Friday, July 21, 2006

Israel-Hizbollah fight is policy windfall for Bush

Israel-Hizbollah fight is policy windfall for Bush
By Caroline Drees, Security Correspondent

WASHINGTON (Reuters) - Israel's campaign to destroy Hizbollah is a foreign policy windfall for the Bush administration, which hopes it will boost the U.S. war on terrorism and heap pressure on its nemesis Iran, analysts say.

"It's not just Israel that doesn't want a ceasefire here," said David Makovsky, a senior fellow at the Washington Institute for Near East Policy think tank.

Long a stalwart ally of Israel, the White House has repeatedly voiced support for Israel's right to self-defense and denied the nine-day-old Israeli bombardment could be considered America's war too.

But administration officials admit the current fighting, triggered by the Islamic militants' capture of two Israeli soldiers and rocket attacks into northern Israel, is also furthering some U.S. goals.

"To the extent that this is part of the war on terror, we certainly have an interest in it," White House spokesman Tony Snow said on Wednesday.

He said the attacks by the Iran- and Syria-backed Hizbollah had forged a sense of international determination to rein in the militant group, while encouraging international progress toward a U.N. resolution curbing Iran's nuclear ambitions.

While some experts say the escalating bloodshed may fuel Arab resentment and trigger an anti-U.S. backlash, several analysts say the fighting is a chance to let someone else's military promote what are also U.S. objectives, while gaining leverage for Washington's own diplomatic efforts.

"This seems like the perfect opportunity for the United States to bang the drum and say to people, 'Look, you need to wake up and smell the coffee,'" said James Carafano, a security expert at the conservative Heritage Foundation, which is considered close to the administration.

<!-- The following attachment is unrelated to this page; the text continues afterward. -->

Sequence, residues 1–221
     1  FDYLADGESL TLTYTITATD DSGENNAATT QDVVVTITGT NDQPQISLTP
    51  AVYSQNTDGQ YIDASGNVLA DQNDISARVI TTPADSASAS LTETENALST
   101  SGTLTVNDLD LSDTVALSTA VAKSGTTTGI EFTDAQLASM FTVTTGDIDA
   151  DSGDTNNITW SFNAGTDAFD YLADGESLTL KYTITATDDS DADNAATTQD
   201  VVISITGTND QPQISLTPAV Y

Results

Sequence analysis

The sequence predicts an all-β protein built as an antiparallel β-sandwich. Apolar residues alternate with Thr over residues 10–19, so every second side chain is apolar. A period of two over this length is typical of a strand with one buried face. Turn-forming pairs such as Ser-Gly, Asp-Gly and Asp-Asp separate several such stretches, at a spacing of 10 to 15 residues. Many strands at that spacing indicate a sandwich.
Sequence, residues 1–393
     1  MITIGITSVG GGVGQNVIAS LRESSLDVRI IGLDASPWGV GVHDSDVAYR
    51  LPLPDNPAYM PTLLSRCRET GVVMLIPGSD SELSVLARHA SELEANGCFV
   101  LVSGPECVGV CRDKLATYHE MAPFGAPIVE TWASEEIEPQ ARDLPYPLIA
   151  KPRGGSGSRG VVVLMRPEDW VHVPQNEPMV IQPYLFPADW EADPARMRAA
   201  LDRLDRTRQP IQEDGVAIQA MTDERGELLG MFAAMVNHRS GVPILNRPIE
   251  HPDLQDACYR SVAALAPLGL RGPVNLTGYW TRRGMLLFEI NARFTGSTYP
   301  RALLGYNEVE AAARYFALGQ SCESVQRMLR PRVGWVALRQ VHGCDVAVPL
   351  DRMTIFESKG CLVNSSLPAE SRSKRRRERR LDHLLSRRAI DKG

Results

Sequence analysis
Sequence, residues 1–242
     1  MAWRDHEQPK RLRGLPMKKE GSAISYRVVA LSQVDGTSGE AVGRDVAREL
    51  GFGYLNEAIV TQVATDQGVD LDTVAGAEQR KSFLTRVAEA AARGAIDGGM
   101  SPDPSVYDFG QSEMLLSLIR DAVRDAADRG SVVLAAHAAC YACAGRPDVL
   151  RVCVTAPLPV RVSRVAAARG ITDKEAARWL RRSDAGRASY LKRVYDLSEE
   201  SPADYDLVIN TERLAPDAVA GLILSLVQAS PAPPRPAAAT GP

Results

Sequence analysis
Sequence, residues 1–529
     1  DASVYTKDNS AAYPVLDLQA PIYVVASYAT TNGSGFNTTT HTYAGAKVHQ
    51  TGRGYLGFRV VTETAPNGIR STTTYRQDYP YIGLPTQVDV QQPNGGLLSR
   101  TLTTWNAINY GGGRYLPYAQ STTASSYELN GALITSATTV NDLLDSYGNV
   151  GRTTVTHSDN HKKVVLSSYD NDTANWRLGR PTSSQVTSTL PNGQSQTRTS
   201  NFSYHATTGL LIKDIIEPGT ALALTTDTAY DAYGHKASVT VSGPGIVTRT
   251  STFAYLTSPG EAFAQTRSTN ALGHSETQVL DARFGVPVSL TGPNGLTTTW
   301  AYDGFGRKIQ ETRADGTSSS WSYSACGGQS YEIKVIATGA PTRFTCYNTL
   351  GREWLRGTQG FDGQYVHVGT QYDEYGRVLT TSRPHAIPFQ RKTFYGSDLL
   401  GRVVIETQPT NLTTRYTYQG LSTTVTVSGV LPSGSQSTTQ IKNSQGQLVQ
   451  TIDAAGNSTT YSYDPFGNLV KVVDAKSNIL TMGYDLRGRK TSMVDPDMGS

"The people who are causing evil in the Middle East are Syria, Iran, Hizbollah and Hamas. These people are just as bad as al Qaeda and we've got to stand together and deal with this if we want peace in the Middle East," he said.


Several experts including Makovsky said the conflict helped the United States show Iran it could not scare the world or divert attention from its nuclear program by using Hizbollah as a military proxy.

Influential conservative columnist Charles Krauthammer called the current conflict a "golden, unprecedented opportunity" to try to promote the U.S. goal of dismantling Hizbollah.

"Everyone agrees it must be done. But who to do it? No one. The Lebanese are too weak. The Europeans don't invade anyone. After its bitter experience of 20 years ago, the United States has a Lebanon allergy," he wrote in the Washington Post, referring to a 1983 Beirut bombing which killed 241 U.S. servicemen.

The campaign against Hizbollah also fits squarely into the Bush administration's long-held position that the war on terrorism it declared after the September 11 attacks cannot be limited to al Qaeda, but must include a broad spectrum of militants it says hate America's way of life.

The United States has long included Hizbollah on the State Department's list of terrorist organizations.

"What's under attack is liberal democratic civilization, whose leading representative right now happens to be the United States," William Kristol, editor of the conservative Weekly Standard, wrote in the magazine's current issue.

The administration may disagree, but Kristol concluded, "This is our war too."